Monday, 18 April 2022


Recently there’s been a lot written about old age and what older people should be called.

Crinklies, Saga Louts, Oldies, Seniors, Golden-Agers, Boomers and so on.

Old Age Happiness: Here Places Where Old People Are Happy | Time

The world seems to be turning against the elderly. Against their assumed wealth, their old fashioned views, their belief that they are right, their increasing longevity, their bed blocking in hospitals, their politics - more likely to be Tory or if Russian, pro-Putin. 

Charlotte Dawson tries to gurn like her famous comic dad Les - Mirror Online

To some they seem somehow tarnished by having lived in an age of capital and corporal punishment, of misogyny, of racism and every other -ism you can think of, of casting couches and magazines like Playboy, of comedians like Les Dawson and Frankie Howard. 

So the charge sheet against crinklies is long and concerning. But, hold on, is this in any sense fair?

1960s Life Vs. Today: Numbers That Will Astound You

The period 1960 to the current day has seen us crinklies oversee and inspire the biggest changes to any society in so short a period of history ever. Quietly and radically our world has been transformed. The changes in the UK have been particularly startling.

As I watch my contemporaries I see an increasing ability to change minds, modify behaviour and be good role models to children and grandchildren. I’ll go with Golden-Ager rather than more derogatory descriptions as being the more apt because we’ve accelerated the pace of good change.

Society today is fairer, kinder, healthier and wealthier than it was in 1960. In 1960 life expectancy was on average 71. Today it’s 81 although the increase has slowed down. 

Top 10 Fittest Female Icons over 70

 In America research suggests that people start to feel “old” when they’re 47. That seems depressingly young. For me it started last Wednesday when I ricked my back and have ever since been pathetic. But the trouble is, as someone once said about age,  getting old is like being young but not feeling very well and that describes the difference between young and old quite neatly.

How can we conquer “ageism” and be of greatest use to the world in our remaining years? How can we stop being embarrassed that house prices have risen thereby inflating our notional wealth? How can we find a voice?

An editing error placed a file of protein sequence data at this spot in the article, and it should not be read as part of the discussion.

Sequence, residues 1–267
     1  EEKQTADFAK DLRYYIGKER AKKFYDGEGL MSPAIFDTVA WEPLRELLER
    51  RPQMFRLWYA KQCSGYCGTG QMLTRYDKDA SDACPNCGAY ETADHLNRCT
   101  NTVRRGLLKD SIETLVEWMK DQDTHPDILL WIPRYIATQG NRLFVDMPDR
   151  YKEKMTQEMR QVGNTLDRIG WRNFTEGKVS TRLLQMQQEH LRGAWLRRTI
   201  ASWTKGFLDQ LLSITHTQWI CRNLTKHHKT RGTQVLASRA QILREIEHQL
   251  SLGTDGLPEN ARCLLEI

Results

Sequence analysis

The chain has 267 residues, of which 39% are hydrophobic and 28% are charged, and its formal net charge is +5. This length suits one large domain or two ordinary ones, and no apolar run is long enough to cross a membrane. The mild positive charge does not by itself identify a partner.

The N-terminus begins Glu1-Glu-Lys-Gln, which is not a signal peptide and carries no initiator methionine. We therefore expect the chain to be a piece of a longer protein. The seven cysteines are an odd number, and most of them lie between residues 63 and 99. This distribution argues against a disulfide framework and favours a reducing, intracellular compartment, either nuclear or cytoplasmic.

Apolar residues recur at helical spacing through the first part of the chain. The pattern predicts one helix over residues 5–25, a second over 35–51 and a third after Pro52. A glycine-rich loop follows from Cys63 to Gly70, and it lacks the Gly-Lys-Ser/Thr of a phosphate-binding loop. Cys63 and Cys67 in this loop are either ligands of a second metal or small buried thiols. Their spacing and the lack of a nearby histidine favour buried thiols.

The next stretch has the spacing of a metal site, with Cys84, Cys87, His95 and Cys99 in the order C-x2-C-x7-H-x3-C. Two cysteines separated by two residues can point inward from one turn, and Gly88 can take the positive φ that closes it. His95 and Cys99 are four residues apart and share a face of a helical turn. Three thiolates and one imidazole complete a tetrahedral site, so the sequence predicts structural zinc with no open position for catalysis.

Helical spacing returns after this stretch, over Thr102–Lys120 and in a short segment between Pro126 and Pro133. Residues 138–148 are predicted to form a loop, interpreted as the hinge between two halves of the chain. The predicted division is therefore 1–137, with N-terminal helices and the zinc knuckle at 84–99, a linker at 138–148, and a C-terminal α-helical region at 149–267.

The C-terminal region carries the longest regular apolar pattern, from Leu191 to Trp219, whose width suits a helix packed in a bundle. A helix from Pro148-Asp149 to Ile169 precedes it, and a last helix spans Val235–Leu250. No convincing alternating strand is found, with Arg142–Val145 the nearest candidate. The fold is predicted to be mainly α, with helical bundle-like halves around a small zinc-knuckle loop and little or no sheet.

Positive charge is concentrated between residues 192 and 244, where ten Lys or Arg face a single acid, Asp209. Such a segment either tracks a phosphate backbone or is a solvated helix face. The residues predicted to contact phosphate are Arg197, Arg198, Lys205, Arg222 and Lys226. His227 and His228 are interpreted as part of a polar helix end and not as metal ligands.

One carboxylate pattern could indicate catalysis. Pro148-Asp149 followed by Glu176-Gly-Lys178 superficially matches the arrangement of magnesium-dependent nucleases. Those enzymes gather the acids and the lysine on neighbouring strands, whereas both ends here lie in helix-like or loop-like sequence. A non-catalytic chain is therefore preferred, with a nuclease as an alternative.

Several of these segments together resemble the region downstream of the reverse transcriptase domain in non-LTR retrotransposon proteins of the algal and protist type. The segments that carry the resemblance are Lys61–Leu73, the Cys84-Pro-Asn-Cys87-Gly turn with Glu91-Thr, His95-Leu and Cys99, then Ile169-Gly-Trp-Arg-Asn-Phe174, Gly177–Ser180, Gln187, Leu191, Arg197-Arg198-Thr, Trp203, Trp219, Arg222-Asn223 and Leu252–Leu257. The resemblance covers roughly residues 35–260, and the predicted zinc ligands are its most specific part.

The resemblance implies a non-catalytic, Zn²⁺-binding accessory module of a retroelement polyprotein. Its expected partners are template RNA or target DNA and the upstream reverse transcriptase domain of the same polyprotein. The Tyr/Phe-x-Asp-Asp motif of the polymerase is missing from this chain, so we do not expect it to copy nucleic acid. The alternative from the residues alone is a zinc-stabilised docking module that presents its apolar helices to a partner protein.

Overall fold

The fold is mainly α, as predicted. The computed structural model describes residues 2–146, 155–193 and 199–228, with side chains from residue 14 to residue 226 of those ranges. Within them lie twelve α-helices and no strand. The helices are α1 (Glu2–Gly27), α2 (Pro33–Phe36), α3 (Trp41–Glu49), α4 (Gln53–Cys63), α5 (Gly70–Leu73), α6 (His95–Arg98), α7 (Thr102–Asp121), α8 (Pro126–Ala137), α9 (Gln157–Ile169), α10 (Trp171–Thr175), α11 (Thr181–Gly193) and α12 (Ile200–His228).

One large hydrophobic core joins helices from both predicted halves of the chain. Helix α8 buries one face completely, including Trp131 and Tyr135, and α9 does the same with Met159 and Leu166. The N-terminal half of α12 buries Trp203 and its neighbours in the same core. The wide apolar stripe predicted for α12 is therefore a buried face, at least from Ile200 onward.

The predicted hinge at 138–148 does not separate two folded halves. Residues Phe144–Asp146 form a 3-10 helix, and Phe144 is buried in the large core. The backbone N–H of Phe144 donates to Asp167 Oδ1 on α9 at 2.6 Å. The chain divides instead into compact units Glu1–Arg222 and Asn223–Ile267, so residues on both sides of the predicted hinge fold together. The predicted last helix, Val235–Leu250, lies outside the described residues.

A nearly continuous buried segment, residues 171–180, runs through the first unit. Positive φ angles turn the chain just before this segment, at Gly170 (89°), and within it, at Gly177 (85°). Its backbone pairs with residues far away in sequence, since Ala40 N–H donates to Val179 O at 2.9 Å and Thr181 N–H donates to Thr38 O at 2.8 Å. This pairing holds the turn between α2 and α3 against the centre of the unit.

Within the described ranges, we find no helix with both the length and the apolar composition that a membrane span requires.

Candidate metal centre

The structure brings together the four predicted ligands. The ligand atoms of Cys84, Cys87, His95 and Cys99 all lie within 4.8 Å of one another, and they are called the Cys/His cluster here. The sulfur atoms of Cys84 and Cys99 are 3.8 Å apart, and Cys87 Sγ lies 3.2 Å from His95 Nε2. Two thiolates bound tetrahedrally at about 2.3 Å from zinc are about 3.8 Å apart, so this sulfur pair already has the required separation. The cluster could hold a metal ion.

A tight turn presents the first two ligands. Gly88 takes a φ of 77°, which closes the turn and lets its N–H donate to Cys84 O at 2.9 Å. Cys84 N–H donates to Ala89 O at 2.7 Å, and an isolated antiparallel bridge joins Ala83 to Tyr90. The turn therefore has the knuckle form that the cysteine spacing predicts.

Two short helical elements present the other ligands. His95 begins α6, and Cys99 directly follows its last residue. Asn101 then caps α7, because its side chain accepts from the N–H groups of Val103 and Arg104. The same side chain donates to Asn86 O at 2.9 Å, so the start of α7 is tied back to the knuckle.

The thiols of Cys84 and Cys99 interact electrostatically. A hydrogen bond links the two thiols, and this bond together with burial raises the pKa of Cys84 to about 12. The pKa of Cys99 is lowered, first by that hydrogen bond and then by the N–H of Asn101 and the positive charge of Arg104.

Well let’s stop saying sorry.

Sorry vector emoticon sign Stock Vector | Adobe Stock

And let’s start being stronger in calling out bad behaviour.

Boris has done us a huge favour. He’s exposed the shortcomings of our current politicians in vivid technicolour. Many of them are shameless. And it’s the responsibility of the elder citizens to sit them down and tell them it won’t do with one stern, concerted voice. 

It’s time to stop pretending we’ve retired and don’t want to get involved anymore. We’ve stopped working but that doesn’t mean we haven’t got a job to do  because there’s a lot still to be done. Not least in trying to cheer people up.

Byron Wien the 89 year old Vice Chair of the Investment company Blackstone was vocal about what older citizens should do.

1. Find a “big idea” and focus on that.

2. Network. Meet new people.

3. Look for the best in people.

4. Read avidly.

5.Sleep more. 9 hours a day including a one hour nap.

10 sleep tips for the assessment period | Students - UCL – University  College London

6. Be willing to change. 

7. Travel. (Covid scuppered that.)

8. Underplay your achievements.

9. Thank people for doing well. There isn’t enough gratitude in the world.

10. A handwritten note has much more impact than an e-mail.

I’m trying to do most of those. But I need to appreciate even more the best sides of the many friends I have. It’s our best sides that we need to develop and help others to develop theirs.

That’s enough.

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